A little after writing that post about getting old, I went with the baby to run some errands, and somehow found myself straggling into the brand-spanking-new Harlem branch of American Apparel (also called the Now We Can All Look Like Skanks From L.A. Store). Outside, the store was topped by a gigantic billboard of a girl wearing high-waisted glittery hotpants and nothing else; inside, there were no customers, loud techno music, piles of boxes in front of the counter, and at least eight employees, all wearing at least three different bright colors apiece and all very clearly under the age of 22. I wandered around the store halfheartedly fingering T-shirts and sweatpants and being asked if I needed help every nine seconds. I thought I might buy the baby a new T-shirt, but the back of the store, where I found the racks of baby clothes, also housed the speakers. As the bass pulsed louder and louder, the baby started squirming in discomfort, so I abandoned the baby section, hands still empty. I stood in front of a wall of packaged T-shirts for at least four full minutes, debating whether I should buy another ill-fitting V-neck T-shirt for nursing, or if the two I currently have are enough, or even two too many. Finally, I decided to buy a white one, mostly because at that point I had been wandering around for such a long time that I was too embarassed to wander out without buying anything. (I am shocked to see how little sense that thought makes in writing; it made such perfect sense in my head at the time.)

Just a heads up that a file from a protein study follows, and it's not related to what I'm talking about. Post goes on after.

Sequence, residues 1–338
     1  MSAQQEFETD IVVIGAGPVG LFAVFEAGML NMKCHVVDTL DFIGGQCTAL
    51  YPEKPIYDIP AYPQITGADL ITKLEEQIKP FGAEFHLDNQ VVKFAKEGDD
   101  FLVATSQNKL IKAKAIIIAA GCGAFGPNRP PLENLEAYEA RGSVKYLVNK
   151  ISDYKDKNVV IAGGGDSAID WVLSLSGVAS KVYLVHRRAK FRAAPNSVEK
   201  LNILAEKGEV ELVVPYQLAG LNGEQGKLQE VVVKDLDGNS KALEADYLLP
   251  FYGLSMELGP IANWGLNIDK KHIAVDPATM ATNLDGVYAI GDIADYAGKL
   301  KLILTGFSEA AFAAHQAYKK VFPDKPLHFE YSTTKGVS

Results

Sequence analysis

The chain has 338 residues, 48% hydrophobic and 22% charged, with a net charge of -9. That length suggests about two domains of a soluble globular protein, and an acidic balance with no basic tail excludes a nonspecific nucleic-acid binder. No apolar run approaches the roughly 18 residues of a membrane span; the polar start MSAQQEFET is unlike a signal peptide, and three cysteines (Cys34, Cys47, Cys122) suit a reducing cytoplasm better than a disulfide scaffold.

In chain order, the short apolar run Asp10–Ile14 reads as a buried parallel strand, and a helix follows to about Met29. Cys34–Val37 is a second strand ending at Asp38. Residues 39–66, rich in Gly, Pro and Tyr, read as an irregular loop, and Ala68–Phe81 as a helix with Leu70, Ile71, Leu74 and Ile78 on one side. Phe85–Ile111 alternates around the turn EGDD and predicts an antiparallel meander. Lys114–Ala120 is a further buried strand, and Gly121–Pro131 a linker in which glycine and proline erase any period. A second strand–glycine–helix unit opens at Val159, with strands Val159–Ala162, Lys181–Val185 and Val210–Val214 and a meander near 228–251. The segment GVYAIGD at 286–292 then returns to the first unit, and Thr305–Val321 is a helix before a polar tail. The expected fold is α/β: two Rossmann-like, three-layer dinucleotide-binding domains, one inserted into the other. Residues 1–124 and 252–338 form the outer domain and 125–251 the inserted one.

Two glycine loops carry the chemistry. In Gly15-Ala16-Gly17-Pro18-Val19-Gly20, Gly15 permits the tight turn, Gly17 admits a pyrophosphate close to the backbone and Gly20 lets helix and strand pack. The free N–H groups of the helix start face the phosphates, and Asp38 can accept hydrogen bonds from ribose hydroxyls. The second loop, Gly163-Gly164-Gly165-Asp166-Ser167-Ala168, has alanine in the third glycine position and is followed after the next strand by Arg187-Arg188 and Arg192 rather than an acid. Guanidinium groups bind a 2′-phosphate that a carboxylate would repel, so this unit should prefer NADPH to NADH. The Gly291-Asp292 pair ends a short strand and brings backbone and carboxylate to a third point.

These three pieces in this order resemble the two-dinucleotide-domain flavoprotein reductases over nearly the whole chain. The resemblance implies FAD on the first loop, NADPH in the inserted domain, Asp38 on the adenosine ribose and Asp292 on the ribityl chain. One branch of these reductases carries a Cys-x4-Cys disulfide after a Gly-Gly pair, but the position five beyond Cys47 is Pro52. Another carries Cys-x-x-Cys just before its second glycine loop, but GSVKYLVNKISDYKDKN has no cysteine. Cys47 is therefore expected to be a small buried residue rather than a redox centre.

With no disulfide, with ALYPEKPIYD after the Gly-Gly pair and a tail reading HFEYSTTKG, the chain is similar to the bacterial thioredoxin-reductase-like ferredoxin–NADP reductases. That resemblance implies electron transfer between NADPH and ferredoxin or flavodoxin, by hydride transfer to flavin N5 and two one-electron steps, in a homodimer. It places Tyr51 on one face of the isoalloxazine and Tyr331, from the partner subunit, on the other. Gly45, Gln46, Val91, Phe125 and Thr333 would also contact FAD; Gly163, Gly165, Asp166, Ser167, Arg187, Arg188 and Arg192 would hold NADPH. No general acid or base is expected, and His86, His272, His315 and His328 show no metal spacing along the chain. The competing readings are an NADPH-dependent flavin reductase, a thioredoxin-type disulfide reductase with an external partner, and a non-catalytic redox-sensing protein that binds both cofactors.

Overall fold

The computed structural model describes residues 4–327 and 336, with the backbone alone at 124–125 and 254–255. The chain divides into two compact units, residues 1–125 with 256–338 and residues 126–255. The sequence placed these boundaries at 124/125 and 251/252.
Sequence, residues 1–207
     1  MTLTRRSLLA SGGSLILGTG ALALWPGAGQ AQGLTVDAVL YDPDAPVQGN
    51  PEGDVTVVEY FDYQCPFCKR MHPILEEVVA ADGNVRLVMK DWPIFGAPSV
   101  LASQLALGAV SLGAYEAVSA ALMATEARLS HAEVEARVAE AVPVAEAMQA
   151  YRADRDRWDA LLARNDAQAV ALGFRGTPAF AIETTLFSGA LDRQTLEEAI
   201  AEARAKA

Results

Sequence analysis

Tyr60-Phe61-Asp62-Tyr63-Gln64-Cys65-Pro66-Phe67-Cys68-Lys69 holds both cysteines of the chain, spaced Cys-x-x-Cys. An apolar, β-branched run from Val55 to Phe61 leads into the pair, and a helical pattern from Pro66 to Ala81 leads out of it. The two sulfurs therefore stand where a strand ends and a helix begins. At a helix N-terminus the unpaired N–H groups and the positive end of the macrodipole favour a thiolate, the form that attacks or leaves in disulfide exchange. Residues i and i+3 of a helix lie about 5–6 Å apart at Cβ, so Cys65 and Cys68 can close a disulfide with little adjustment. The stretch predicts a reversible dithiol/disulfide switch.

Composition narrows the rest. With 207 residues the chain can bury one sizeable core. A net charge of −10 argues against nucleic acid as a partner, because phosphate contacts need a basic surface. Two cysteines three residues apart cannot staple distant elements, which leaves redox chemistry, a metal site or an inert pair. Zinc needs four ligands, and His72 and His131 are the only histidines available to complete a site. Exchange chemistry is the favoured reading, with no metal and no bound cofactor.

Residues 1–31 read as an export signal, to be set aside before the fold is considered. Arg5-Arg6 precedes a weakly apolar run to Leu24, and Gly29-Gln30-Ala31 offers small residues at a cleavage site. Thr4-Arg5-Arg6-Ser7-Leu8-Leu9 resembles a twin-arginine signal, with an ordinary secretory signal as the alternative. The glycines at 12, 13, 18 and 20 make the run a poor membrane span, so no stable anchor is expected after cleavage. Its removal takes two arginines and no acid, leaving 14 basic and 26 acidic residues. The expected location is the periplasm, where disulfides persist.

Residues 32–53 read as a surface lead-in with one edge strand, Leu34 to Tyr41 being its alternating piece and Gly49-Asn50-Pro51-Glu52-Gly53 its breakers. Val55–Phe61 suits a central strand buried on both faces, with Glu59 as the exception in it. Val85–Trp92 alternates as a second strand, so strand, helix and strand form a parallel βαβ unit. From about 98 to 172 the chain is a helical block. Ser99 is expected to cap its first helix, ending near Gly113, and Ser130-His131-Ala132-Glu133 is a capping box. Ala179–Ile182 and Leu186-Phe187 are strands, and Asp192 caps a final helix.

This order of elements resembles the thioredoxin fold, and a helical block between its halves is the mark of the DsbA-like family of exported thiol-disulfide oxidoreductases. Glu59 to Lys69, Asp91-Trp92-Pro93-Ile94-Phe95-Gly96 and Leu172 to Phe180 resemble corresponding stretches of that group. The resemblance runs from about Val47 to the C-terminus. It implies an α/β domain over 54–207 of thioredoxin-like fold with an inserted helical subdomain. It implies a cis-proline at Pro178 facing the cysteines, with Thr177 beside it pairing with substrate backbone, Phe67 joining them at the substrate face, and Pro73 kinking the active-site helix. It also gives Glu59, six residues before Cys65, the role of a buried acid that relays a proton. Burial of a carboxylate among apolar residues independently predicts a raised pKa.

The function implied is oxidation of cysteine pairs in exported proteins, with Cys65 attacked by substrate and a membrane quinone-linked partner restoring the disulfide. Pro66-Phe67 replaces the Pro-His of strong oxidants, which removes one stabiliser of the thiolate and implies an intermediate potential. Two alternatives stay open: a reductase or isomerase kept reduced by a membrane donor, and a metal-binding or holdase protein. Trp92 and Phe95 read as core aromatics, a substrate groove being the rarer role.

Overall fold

At the register, as I was signing the receipt, I said to the cashier, "It looks like you're still setting things up here."
She looked at me, her wide young eyes ringed in heavy mascara, her upper lids full of clumsy mascara smudges.
"Well, if you're still moving stuff around, maybe you might think about moving the kids' section out of the back. It's right under the speaker, you know, and it's so loud, I sort of got worried about my baby's ears, so I couldn't spend a lot of time looking at things. So maybe that's not the best place for the kids' stuff."
The cashier's face betrayed no comprehension whatsoever. She didn't nod or make any "I see" sort of sounds. She remained entirely silent and affectless, her face slack, her eyes staring uncomprehendingly. Then I heard myself speaking, as if from a distance, and realized precisely what I would have thought of me if I were a 20-year-old salesgirl listening to an older woman complain about the kids' section. You stupid old boring housewife bitch, I would have thought, of course it's loud. If you don't like it, you shouldn't come in, and you definitely shouldn't bring your kid. What are you doing here anyway? This is not for people like you. You're not fooling anyone. Go away to Ann Taylor and buy some goddamn blouse or something. I suddenly felt about a hundred years old, a querulous old lady complaining to the youngsters about the gravy at the cafeteria. Horrified and unable to meet the cashier's silently scornful stare, I beat a panicky retreat out of the store, clutching my new T-shirt. I felt shaken and a little ashamed as I made my way, like the old boring housewife bitch that I am, to the organic grocery store to pick up some things for dinner.
Later that evening, I decided that I didn't want the shirt after all, but it was too late, as I had already worn it and stained it with tomato sauce.